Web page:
I am not a moral theologian—or even a Catholic for that matter—so I recognize that I will have no standing in that particular conversation. But as a Christian Wisdom teacher and a concerned planetary citizen, I know that it is important for this conversation to be taking place and for imaginative new thinking to be invited from all quarters. Deliberations on this all-important topic so far left in the hands of the Catholic experts have yielded us no appreciable results, they’ve merely solidified the impasse. This is a human dilemma, and it is as a human family that we will solve it.

And so I propose here to engage this conversation among our Wisdom Community, asking us all, from our collective data banks of spiritual insight and life expertise, to engage this crucial impasse and see if the act of intelligent conversation can itself generate a bit of third force.

Over the next two or three blogs (writing not yet begun but intention herewith signaled) I will attempt, first of all, to lay out a potential pathway toward a new social contract with regard to the abortion issue> a pathway which, though admittedly a compromise, might be one that both Catholics and non-Catholics could live with. In the following, more extended blog, I will reflect on what light the Wisdom tradition has to shed on the beginnings of life and the nature of the soul, both key components in the present gridlock.

A good start has been made in this article, and I commend it to you all for deeper study and reflection. But in accepting its conclusion that joining forces with a distorted Christian fundamentalism is not an option, the next step is to move courageously to confront the “root of the root” of this nefarious allegiance and speak directly of—to— the elephant in the room.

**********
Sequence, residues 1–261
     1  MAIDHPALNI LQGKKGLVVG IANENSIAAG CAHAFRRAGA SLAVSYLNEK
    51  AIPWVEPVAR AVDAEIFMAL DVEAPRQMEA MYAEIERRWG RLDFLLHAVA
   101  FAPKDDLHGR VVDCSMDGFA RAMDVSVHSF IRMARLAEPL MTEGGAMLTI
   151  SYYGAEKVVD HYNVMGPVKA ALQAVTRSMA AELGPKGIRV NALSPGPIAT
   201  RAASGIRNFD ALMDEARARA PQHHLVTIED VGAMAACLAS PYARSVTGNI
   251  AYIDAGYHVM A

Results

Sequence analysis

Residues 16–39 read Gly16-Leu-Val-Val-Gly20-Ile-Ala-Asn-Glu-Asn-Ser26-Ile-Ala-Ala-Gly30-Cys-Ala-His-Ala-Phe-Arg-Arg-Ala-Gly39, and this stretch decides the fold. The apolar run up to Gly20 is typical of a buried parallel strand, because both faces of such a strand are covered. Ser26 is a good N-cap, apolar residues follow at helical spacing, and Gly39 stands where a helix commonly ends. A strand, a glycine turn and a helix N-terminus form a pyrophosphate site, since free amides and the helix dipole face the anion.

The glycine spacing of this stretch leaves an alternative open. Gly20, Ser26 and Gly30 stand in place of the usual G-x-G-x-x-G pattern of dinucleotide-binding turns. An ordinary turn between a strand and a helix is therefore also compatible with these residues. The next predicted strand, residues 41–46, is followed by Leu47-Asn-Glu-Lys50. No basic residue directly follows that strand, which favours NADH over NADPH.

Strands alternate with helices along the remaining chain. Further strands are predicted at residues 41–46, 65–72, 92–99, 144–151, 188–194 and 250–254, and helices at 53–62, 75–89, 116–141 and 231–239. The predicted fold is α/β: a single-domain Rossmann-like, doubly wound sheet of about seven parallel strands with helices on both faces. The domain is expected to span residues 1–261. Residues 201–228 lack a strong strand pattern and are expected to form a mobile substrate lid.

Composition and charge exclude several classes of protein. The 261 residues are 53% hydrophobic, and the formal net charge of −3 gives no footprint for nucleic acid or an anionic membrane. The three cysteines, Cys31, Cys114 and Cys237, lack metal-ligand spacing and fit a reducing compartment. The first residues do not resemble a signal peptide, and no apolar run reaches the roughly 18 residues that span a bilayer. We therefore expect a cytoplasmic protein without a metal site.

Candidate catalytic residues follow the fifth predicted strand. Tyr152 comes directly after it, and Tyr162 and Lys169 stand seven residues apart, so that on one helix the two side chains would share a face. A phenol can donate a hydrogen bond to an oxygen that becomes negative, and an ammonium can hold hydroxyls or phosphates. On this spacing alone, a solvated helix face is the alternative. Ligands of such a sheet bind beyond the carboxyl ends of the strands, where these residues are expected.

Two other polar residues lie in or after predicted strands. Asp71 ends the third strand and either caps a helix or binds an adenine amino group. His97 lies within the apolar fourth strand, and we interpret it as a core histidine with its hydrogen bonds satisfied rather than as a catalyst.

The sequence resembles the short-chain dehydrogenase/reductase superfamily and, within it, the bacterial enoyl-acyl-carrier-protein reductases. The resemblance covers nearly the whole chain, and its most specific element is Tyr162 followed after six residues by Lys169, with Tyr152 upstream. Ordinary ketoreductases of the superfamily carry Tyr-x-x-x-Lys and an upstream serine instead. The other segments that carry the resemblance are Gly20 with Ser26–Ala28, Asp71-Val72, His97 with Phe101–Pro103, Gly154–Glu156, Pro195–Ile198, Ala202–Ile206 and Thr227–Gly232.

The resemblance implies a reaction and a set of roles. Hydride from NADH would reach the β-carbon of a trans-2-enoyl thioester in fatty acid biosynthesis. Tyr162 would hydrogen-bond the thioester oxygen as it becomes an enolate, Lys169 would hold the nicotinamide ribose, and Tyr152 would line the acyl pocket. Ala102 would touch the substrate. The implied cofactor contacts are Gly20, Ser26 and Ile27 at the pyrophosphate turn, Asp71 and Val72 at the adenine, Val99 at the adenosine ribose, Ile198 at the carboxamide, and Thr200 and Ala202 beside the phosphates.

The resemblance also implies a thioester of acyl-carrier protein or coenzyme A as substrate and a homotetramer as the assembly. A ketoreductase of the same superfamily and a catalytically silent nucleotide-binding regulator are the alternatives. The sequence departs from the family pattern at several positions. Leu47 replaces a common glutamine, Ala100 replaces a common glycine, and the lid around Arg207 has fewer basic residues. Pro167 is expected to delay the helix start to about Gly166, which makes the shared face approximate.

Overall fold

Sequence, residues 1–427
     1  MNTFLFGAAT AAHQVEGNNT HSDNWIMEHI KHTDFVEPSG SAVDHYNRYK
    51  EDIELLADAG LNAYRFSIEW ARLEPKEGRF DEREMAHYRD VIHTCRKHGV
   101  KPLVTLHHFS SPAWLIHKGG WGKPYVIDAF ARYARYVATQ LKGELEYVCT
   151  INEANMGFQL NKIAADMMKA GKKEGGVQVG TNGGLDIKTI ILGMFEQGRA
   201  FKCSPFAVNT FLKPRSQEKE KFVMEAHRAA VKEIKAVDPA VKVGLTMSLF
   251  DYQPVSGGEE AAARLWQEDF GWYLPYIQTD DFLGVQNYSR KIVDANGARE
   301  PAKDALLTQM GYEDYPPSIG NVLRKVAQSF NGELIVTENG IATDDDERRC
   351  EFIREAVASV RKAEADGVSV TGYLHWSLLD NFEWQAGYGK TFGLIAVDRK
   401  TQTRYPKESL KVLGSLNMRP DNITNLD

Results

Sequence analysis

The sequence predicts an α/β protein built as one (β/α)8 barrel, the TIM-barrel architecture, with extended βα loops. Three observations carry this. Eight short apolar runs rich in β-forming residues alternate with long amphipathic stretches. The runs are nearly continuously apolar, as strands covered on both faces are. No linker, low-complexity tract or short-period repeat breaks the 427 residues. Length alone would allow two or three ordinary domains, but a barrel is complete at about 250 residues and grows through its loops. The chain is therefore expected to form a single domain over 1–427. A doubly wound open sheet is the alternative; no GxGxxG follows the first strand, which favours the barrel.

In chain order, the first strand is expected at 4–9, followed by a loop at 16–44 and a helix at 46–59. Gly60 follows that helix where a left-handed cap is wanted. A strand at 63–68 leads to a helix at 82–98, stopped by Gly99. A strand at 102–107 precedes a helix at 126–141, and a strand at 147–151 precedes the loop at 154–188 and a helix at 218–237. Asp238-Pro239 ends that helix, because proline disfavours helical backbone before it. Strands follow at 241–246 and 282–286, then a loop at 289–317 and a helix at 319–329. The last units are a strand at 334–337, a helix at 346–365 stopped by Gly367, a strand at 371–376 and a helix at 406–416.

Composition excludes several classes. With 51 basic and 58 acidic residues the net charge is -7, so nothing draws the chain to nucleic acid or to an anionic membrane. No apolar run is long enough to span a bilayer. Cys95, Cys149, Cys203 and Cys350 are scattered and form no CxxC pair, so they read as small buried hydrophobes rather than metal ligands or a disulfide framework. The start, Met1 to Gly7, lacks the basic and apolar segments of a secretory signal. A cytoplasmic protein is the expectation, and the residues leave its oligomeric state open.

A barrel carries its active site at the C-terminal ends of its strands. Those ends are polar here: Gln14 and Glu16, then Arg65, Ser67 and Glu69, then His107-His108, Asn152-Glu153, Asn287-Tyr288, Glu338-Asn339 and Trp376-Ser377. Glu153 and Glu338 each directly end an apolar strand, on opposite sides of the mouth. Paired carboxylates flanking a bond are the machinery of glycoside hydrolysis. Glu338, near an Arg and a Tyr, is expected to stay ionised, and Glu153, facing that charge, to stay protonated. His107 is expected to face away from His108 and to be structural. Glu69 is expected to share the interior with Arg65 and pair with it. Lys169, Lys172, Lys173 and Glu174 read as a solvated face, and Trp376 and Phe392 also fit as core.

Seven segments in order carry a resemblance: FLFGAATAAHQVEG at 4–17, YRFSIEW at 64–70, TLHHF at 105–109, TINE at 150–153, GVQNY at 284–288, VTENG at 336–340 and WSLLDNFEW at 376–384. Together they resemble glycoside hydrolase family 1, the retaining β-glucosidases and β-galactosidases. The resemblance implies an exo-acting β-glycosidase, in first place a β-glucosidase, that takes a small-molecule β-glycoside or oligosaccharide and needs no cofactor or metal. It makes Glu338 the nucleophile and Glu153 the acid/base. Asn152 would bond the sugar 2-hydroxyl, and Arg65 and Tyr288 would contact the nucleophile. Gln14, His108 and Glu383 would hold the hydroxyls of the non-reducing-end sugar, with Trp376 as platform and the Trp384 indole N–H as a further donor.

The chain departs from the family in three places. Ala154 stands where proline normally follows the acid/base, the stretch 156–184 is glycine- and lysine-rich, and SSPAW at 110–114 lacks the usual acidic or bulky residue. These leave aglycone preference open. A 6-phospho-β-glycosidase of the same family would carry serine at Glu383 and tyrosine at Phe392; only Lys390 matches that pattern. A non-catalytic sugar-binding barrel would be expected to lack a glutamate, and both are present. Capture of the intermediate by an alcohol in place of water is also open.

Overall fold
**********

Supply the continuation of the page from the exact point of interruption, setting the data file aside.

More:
Comments (4)

  1. PART I:

    Beautiful, heartfelt and elegant statement – and an important one at this time.

    I’d like to add something from the psychological perspective.

    Karen Armstrong, in her writings on fundamentalism, makes the crucial point that, while many secular folks think of fundamentalists as expressing medieval views, the mindset of fundamentalists could simply not have existed prior to the emergency of 19th century materialism.

    And, according to British psychiatrist, Iain McGilchrist, the root of modern materialism is not a philosophic view as much as a form of attention. Put in neurological terms by Buddhist teacher and former neuroscience professor John Yates (in his “The Mind Illuminated” – the best manual of Buddhist meditation i’ve ever come across), he describes two major attention networks, one responsible for selective attention (SA) and one for peripheral awareness (PA). On my recommendation, Yates looked at McGilchrist’s work, and agreed that McGilchrist’s “left mode” and ‘right mode” thought (somewhat related to left hemisphere mediated and right hemisphere mediated attention) are closely correlated with SA and PA.